There is a natural harmony that exists between humans and the environment. An innate understanding lies within each of us as people to be able to find the greater good; to work with each other and nature to find balance amongst all who share the planet. An opportunity is here for us to return to this way of life, and it is called rewilding. The concept of Rewilding is one that aspires to bring all things back to their original natural state of being, while working and living harmoniously together. This is the way of Nature.
Rewilding is a huge topic across the world. In many ways, it’s complex for one person to undertake all the different ways we can rewild our world; from our own personal lives to the environment we call home. The world and our effects on it often seem, quite simply, too big.
Yet it’s that very reason that rewilding is so important. We all must take action in our own lives, in our own small ways, to make this world a better place: for our horse & animal relatives, our shared habitats, and our collective humanity. If we all added one small drop to the bucket, we can create a ripple effect far beyond our original actions. So how can the average person learn and implement different aspects of rewilding into their daily lives?
It’s no secret that the food supply chain in the Western world is environmentally harmful, depleting the land of its resources with monoculture farming and spewing greenhouse gases into the atmosphere. Many people living with yards or land choose to grow some of their own food, reducing their carbon footprint and burden on the global food system. They enjoy knowing what has gone into the growing of their food and the relationship established throughout the growth process. But what about urbanites?
Even people living in a city can rewild our world through urban farming and community gardens, thereby cutting short the long, environmentally disastrous corporate supply chain that delivers food to most of us. Community gardens are popping up in cities all over the world, and it’s easy to get involved in local programs that allow members to grow their own produce, right in the middle of the city, often in exchange for volunteer hours.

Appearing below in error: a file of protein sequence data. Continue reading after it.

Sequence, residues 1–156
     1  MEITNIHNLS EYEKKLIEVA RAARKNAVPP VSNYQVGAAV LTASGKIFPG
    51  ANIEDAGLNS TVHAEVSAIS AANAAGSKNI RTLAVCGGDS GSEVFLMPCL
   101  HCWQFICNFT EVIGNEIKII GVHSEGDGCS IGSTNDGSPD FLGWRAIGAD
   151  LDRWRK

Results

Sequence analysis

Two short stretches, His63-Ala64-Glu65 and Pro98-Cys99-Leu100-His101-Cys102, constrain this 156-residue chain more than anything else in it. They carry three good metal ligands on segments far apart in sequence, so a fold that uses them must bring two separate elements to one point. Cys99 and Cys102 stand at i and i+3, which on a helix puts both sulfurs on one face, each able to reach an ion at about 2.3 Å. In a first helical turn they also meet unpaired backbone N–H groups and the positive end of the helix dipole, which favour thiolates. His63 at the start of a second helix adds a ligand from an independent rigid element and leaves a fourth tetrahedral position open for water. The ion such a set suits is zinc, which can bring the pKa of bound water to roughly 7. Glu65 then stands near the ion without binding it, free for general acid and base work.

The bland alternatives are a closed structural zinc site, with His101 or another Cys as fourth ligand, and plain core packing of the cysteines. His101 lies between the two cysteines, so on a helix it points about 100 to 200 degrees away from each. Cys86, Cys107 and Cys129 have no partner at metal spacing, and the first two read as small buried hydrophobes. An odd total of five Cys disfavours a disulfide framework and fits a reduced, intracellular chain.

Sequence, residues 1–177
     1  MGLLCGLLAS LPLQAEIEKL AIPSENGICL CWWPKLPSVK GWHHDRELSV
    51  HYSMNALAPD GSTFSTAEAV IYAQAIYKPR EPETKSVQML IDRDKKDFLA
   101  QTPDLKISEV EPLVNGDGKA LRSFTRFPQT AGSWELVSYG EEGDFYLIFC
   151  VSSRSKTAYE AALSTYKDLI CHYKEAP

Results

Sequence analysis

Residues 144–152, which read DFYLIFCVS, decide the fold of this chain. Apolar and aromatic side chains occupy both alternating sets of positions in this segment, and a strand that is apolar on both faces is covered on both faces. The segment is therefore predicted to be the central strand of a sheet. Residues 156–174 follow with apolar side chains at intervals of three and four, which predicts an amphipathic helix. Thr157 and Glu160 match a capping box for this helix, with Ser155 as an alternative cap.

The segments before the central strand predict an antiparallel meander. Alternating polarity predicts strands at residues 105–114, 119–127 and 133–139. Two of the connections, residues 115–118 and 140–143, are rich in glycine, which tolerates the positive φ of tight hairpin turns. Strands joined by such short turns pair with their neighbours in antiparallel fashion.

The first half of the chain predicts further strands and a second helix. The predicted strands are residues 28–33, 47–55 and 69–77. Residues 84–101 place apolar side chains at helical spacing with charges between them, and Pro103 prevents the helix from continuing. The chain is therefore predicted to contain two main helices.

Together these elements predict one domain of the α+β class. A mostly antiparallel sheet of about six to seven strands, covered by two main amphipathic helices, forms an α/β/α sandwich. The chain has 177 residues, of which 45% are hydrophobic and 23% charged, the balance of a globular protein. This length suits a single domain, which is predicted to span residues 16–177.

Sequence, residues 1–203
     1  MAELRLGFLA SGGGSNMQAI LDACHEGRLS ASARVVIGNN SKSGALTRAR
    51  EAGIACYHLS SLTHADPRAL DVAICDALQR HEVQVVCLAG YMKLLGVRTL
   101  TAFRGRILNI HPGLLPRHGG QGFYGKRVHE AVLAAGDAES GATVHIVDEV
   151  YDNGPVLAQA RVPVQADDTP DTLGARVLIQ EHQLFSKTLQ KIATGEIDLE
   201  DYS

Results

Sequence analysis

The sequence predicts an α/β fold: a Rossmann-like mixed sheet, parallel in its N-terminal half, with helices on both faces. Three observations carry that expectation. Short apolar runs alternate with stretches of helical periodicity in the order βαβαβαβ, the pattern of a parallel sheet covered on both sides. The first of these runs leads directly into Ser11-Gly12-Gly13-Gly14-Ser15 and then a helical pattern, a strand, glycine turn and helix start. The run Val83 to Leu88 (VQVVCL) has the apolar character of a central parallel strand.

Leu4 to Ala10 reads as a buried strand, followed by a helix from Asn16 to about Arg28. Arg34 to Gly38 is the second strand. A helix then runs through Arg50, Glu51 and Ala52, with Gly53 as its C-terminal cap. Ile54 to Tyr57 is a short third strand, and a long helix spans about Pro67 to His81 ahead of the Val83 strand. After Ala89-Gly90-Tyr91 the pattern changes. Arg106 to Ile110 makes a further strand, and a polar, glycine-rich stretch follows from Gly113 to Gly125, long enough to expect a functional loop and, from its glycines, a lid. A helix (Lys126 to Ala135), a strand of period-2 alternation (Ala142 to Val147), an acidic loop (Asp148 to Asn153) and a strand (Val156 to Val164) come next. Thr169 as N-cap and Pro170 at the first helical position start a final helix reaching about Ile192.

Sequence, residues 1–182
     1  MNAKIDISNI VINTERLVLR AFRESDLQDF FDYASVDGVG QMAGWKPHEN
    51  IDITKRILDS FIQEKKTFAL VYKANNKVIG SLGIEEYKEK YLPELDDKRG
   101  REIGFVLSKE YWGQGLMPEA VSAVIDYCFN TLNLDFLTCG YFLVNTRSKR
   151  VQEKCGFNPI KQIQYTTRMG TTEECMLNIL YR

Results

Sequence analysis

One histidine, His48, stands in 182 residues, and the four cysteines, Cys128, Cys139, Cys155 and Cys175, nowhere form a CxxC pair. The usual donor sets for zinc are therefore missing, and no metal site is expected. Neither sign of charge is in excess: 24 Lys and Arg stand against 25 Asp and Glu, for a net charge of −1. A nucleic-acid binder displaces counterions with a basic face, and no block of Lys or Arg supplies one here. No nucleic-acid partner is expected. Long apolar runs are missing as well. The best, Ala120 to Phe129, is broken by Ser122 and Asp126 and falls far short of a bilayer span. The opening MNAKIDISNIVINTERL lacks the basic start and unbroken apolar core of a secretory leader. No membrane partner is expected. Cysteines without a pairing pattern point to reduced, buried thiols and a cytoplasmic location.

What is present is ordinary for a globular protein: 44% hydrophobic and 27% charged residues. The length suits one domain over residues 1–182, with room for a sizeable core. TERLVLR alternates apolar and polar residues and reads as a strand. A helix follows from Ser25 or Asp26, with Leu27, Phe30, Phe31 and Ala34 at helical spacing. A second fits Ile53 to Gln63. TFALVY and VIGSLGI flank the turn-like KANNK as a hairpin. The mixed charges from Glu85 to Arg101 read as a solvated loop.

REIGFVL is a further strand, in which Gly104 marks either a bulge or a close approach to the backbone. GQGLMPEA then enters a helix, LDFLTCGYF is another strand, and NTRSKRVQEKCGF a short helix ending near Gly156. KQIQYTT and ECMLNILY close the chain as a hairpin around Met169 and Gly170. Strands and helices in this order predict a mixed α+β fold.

Rewilding programs in Europe: http://www.monbiot.com/2013/05/27/a-manifesto-for-rewilding-the-world/
Before we swept through the land on the North American continent, a squirrel could get from the Atlantic to the Mississippi without descending from the trees; until we decimated the original ecosystems to make way for our current landscape. And while it is critically important to protect the natural places we have left, one commonly invisible problem that appears when protecting public lands is that they are often preserved in a “depleted” state, according to George Monbiot, the famed British environmental writer and rewilding expert. That’s why some enterprising rewilders have begun programs like Trees for Life in Scotland, which seeks not only the continued protection of the Caledonia region, but works to fundraise efforts to plant trees, restoring the Caledonian forest for future generations to see what it was like before it was degraded. Across Europe the introduction or reintroduction of specific animal, such as elephants, bison, wolves and horses, has done wonders to support, sustain and balance the ecosystem and energy of Europe’s environment.
The Earthship movement
Built out of recycled material, the Earthship is entirely solar powered and customized to integrate with the land its built on. Inhabitants can use the inherent temperature regulation of the sun and soil to manage the heat in their houses, and collect rainwater and compost to facilitate the production of food. According to the architect, they are almost entirely off-the-grid and rely little on public utilities and the fossil fuels that destroy our lands and habitats.
Others are going even further, and growing their homes out of plants!
Caretaking for Wild Horses: http://thepioneerwoman.com/confessions/the-wild-horses/
While the BLM’s problematic treatment of wild horses has been covered here before, some ranchers are working with the BLM to care for the tens of thousands of wild horses and burros the BLM cannot take care of:
We started receiving the wild horses in September of that year. The acclimation process takes a couple of months of moving them from the pens to small traps to larger traps, then on to the larger pastures. During this transition, we feed the horses with our feed trucks in order to get them used to the trucks. This will ensure that when winter comes, the horses will know to come to the trucks to be fed. This is a time-consuming and labor-intensive process, but it’s necessary to minimize the stress of moving the horses to a new and strange environment.
While this isn’t the easiest option for most people, it’s one way American ranchers can help take care of the wild horses that make up America’s glory and continue to rewild our world. A small chance to at rewilding our balance in nature as it was created to benefit all inhabitants. Discovering the value between the horse-human connection is just another added bonus of providing a home for these relatives. Because horses carry the energy of our principles of life (feelings, thoughts and actions), being around them helps us on a subconscious level to re-connect to those feelings within ourselves, reconnecting our souls to a place deep inside of us that we have forgotten. Our horse nation is a guide for our humanity to return to a way of life that is more wild and free.